September 14, 2004
Director of Media Relations
AMHERST, Mass.- The study of law is, and ought to be, one of the liberal arts-and "law just might be saved from the lawyers," if it were taught to more undergraduate college students, according to Austin Sarat, the William Nelson Cromwell Professor of Jurisprudence and Political Science at Amherst College. In a recent essay in the Chronicle of Higher Education, and in a forthcoming book, Law in the Liberal Arts ($45, Cornell University Press, Ithaca, 2004), Sarat argues that the liberal arts needs the study of law, but also that the American legal system can learn from the liberal arts.
"For legal scholarship," writes Sarat in the CHE, the disregard for law as a liberal art "means that the work of understanding law is generally coupled with the lawyer's need to understand how to use it or with the policy maker's desire to reform it, impoverishing our ability to see the complex connections of law, culture, and society in all their variety and to connect theorizing about law with the humanities and social sciences."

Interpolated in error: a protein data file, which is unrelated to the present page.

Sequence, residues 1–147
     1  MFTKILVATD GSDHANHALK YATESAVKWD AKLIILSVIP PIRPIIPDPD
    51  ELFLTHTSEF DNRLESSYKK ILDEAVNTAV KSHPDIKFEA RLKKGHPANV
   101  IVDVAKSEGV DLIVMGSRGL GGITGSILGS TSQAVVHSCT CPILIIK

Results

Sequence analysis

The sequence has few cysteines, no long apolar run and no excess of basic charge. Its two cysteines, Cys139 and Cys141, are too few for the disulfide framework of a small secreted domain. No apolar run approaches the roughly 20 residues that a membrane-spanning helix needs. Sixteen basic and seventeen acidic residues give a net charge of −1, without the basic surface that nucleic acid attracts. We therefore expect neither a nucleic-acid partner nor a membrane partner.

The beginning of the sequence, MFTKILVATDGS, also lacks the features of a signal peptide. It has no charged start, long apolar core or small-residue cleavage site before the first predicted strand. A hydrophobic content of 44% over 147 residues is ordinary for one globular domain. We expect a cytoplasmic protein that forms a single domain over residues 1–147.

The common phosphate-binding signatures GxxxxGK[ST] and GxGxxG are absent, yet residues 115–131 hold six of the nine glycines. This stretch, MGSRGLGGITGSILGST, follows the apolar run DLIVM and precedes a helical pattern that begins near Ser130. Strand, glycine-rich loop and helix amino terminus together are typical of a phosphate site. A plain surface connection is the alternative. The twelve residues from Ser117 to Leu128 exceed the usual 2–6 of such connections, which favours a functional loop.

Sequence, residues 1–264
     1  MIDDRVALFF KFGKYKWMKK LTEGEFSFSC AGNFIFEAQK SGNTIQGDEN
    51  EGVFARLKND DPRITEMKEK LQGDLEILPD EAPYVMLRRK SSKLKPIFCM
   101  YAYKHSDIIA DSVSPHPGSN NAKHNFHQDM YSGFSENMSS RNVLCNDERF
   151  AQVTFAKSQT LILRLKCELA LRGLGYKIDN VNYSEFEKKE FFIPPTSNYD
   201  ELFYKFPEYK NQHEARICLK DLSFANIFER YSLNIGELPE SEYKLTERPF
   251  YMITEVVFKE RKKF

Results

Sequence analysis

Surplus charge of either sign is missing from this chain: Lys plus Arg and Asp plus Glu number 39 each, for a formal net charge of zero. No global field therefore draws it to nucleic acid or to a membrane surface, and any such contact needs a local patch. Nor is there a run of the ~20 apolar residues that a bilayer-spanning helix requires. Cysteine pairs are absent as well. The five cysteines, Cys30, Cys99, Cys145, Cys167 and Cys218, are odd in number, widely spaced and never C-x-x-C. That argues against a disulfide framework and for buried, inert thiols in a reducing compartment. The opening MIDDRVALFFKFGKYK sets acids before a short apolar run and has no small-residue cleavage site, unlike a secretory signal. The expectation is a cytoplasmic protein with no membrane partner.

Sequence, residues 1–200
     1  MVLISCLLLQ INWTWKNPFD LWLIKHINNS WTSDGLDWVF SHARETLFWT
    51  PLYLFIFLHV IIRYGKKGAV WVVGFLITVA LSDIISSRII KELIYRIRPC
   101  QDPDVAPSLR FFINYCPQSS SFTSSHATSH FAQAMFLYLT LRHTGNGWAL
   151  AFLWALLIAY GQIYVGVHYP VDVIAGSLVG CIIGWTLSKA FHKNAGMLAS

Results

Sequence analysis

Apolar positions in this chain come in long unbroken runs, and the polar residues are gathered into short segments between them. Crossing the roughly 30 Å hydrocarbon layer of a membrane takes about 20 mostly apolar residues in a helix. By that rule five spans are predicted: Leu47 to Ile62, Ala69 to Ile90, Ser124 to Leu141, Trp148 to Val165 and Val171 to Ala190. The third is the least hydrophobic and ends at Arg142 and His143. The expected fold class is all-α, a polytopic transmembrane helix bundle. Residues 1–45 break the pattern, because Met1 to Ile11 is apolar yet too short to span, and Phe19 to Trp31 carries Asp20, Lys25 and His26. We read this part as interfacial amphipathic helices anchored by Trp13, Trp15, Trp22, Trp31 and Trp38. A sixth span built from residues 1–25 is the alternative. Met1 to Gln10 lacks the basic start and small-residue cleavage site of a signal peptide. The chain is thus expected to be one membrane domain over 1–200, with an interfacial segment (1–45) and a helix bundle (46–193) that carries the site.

"In the liberal arts," Sarat continues, "the failure to more fully articulate and institutionalize legal scholarship deprives them of a subject of enormous richness and interest. Systematic study of law advances the goals of a liberal education because of the importance of law in culture and society, as well as the capacity of legal study to engage and enhance the intellectual, analytic, and imaginative capacities of undergraduates."
Sarat has taught at Amherst since 1974, and is the author of When the State Kills: Capital Punishment and the American Condition. He has served as President of the Law and Society Association and of the Association for the Study of law, Culture, and the Humanities.